Learn About Our Lupus Research

With the start of Lupus Awareness Month, we’re offering up a snapshot of our growing lupus research community and one communityBadge_lupusof the many people who has joined to make the work possible.

Since we launched our Lupus Research Study we’re already more than halfway to reaching our goal of enrolling 5,000 people living with lupus.

Launched last year in collaboration with Pfizer Inc, the study is meant to help better understand the genetics of this insidious autoimmune disease, which affects almost 1.5 million in the United States alone. Symptoms for lupus can range from joint inflammation to sores and skin rashes — often in the form of blotchy red marks on the face. The symptoms can progress to other issues including damage to the kidneys, heart or lungs.

While the cause of lupus is unknown, several studies indicate that a number of factors, including genetics, hormones and the environment all play a role. Lupus also impacts women more than men — 90 percent of the cases are women — and it often hits them between the ages of 15 and 44, although a significant percentage of cases hit people in childhood.

Lupus is a serious condition, but we are inspired by the positive attitude of many of those who are participating in this research. One of the several thousand people who’ve enrolled in 23andMe’s Lupus Study is Mary Frances, a California mother who was first diagnosed in college. Despite the challenges she’s faced along the way, she remains positive.

“You have to think – someone else has it worse than me and turn your attention to the challenge,” she said.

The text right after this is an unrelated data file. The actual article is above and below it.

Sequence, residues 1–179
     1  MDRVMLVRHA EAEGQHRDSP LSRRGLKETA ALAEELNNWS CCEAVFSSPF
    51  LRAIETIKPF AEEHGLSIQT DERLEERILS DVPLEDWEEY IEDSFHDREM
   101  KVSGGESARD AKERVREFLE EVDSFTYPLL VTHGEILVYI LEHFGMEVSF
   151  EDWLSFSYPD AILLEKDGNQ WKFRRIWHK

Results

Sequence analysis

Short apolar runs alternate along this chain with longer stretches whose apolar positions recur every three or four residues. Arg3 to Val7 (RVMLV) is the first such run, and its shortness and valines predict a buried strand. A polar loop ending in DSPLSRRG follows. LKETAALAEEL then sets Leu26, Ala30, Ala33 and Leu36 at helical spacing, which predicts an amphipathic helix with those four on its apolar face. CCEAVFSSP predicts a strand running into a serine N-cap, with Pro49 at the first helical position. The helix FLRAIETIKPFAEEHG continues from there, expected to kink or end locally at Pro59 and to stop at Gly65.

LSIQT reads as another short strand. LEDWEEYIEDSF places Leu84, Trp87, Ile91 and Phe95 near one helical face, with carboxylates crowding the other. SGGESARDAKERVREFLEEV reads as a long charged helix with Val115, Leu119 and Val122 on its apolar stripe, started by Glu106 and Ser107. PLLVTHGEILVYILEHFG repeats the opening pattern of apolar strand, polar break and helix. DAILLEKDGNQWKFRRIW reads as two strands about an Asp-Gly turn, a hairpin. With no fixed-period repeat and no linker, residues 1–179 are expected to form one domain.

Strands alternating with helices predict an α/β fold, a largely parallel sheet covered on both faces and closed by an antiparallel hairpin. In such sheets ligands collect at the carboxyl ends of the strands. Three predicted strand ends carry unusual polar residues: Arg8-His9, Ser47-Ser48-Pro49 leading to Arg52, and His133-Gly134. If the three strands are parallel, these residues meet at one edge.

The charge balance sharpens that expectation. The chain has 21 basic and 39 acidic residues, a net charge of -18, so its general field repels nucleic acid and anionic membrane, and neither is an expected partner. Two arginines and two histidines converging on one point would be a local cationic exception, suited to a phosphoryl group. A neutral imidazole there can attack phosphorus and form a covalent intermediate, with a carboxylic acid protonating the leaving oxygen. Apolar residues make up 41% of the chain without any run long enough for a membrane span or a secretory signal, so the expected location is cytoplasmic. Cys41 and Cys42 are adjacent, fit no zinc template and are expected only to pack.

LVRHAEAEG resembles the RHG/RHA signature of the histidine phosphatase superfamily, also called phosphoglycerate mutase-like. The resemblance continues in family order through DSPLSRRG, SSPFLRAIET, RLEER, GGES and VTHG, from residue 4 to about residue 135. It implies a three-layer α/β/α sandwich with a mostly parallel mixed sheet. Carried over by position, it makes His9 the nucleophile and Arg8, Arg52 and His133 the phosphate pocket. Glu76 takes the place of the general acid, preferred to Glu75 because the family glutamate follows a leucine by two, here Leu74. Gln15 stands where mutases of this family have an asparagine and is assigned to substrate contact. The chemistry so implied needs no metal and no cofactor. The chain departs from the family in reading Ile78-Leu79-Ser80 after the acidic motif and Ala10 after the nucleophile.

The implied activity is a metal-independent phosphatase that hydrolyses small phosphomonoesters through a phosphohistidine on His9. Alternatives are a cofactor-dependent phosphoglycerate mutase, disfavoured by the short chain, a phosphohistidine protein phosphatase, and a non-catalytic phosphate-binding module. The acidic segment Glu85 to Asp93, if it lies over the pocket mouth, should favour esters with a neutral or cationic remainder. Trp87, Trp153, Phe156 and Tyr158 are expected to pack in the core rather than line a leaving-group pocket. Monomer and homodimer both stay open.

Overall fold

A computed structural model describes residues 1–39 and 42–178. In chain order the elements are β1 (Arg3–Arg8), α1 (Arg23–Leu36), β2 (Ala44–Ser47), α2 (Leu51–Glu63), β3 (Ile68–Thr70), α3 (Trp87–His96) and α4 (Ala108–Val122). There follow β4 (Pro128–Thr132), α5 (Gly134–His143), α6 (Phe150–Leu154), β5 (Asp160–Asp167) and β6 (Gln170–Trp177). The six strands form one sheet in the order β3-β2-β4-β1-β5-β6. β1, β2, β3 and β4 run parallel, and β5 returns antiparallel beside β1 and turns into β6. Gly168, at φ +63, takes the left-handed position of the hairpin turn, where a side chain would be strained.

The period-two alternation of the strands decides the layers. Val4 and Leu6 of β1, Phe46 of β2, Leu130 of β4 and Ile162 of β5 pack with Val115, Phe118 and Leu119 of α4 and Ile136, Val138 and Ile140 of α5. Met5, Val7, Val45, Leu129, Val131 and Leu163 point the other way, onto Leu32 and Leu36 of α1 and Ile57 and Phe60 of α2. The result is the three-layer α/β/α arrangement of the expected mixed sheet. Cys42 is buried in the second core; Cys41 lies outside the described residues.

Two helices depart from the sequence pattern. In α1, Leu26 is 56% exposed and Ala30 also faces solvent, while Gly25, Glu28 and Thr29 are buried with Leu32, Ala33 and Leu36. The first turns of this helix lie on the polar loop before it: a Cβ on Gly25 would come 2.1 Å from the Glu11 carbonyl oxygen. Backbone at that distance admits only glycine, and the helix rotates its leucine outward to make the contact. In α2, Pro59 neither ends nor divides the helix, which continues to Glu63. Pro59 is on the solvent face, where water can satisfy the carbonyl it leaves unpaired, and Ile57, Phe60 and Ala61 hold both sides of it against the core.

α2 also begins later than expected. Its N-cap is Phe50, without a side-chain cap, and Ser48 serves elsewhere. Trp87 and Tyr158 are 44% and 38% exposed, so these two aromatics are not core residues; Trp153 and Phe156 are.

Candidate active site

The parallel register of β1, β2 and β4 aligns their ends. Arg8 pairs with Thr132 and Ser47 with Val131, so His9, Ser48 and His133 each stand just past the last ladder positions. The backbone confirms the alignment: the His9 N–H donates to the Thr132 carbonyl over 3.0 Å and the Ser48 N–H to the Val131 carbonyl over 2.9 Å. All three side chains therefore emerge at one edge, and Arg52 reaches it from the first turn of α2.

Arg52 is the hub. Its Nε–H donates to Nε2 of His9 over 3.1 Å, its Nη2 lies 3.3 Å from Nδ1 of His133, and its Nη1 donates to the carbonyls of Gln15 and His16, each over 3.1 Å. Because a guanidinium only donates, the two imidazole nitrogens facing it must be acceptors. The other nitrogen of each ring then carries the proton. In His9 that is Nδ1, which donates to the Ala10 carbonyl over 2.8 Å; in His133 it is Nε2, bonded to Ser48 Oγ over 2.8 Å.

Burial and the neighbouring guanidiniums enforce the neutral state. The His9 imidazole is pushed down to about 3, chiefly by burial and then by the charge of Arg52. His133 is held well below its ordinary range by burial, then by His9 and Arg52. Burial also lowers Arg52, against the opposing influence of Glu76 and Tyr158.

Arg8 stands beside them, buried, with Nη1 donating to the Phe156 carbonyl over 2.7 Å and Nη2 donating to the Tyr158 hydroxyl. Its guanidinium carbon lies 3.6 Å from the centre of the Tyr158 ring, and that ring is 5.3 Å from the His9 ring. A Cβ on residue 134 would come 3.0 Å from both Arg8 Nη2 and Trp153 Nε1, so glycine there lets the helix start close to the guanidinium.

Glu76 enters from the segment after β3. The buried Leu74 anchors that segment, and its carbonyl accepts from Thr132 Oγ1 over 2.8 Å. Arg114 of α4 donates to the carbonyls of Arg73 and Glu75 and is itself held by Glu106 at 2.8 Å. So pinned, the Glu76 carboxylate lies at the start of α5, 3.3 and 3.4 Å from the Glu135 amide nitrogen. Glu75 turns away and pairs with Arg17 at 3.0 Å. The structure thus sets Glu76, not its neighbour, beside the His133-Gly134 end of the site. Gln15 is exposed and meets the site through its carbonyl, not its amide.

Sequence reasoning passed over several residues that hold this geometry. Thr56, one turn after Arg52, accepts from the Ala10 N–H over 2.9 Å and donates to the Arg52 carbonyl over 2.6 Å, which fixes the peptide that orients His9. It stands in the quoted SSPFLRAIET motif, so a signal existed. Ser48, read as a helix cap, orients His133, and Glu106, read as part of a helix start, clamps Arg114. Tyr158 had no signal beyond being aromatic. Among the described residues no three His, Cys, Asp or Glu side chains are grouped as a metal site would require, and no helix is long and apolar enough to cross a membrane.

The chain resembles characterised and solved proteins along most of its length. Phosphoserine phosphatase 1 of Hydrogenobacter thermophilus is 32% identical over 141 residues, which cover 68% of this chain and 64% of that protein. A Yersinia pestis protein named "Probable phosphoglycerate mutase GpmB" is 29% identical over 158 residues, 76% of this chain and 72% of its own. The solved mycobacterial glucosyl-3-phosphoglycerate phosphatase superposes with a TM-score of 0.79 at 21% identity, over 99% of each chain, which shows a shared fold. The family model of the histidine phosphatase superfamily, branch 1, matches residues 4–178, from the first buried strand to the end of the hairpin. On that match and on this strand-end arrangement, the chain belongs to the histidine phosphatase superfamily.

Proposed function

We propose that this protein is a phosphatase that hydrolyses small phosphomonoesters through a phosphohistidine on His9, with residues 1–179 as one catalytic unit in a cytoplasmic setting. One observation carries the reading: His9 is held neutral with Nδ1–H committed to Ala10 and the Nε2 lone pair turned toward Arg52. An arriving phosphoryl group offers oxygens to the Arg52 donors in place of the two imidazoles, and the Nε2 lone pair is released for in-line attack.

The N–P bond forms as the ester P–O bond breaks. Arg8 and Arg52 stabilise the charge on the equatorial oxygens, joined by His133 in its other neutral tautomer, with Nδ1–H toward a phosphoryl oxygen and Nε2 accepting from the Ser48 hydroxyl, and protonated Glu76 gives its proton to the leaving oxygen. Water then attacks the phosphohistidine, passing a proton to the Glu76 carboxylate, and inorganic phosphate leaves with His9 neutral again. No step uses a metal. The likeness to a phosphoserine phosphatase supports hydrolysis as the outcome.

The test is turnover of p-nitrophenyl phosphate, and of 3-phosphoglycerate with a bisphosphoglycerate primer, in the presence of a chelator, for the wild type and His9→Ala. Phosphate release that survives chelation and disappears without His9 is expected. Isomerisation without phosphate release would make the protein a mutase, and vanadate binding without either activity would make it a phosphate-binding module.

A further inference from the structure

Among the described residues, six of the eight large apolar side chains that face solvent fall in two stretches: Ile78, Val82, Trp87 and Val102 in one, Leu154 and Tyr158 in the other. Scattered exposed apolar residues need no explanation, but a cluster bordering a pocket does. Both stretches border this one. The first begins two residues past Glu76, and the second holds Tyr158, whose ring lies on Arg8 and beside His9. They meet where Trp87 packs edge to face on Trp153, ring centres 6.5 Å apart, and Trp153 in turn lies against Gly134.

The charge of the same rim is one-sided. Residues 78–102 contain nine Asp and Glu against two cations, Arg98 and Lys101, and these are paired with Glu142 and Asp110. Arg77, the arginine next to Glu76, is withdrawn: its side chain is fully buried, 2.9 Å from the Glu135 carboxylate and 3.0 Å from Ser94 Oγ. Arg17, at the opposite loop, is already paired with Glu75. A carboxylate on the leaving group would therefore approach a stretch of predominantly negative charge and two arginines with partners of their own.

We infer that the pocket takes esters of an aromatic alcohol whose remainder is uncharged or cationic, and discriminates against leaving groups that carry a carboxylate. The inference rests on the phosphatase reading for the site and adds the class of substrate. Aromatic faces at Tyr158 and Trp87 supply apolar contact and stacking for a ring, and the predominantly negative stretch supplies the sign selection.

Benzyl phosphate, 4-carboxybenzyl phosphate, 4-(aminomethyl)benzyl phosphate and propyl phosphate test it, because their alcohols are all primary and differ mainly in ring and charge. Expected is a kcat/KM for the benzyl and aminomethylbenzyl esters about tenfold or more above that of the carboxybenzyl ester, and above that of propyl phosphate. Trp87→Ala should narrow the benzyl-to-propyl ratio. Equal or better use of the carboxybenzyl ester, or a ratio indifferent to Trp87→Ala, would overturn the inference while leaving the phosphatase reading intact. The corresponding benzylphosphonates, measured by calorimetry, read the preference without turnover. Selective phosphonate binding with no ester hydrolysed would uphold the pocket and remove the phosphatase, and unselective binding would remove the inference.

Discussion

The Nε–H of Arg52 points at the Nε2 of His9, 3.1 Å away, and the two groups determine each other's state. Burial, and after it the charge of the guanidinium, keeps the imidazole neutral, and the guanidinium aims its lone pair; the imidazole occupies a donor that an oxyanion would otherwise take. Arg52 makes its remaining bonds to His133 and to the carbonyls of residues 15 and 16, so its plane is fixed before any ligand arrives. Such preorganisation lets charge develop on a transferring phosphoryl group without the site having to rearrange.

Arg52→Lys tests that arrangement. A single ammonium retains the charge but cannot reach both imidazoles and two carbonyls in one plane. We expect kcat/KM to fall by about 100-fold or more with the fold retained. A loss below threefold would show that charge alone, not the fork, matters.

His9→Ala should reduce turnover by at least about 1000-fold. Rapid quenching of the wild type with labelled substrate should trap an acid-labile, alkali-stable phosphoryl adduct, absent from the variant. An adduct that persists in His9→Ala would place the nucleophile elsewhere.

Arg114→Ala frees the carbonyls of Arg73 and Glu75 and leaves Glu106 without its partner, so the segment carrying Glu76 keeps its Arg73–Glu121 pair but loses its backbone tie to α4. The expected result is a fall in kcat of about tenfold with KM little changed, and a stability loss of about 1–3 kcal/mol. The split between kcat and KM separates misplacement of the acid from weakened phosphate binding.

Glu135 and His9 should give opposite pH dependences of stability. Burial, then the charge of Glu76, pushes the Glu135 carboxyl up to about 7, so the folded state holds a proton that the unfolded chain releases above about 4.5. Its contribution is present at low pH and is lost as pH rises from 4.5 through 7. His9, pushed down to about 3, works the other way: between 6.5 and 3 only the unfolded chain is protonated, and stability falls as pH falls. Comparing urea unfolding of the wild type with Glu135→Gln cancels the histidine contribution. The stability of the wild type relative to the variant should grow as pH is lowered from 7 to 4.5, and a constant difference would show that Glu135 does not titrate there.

Learn more about our study.

  • Theresa DeVries

    I joined the study, to help with research on Lupus but to also find out more about my ancestry. I knew a few bit’s and bob’s but to actually see where is amazing,exciting and i wasn’t at all disappointed in my results.

  • Fay Dagneau

    I have SLE and it is a fight. I am glad that I can help in a small way find the keys. I have some rare parts of Lupus that no one ever talks about. I have chorea, and CNS effect, I have lost my gallbladder to it and so much more. people think it is common and it is not as common as they think when you break it down. It makes me mad when they think it is nothing I do chemo, I have injections I have daily meds I have this for life, SLE can kill me. I hope someone finds out why.

    • Carrie Miller

      Fay, can you clarify what you mean about losing your gallbladder to lupus? I was diagnosed with lupus a little over a year ago, but had my gallbladder removed in 2005. I didn’t have gallstones or inflammation but instead my gallbladder was shutting down. They did several tests before they finally found the problem – fortunately my doctor kept pushing despite the lack of stones. Based on your post, I am wondering if my problem was related to undiagnosed lupus.
      Thanks,, Carrie

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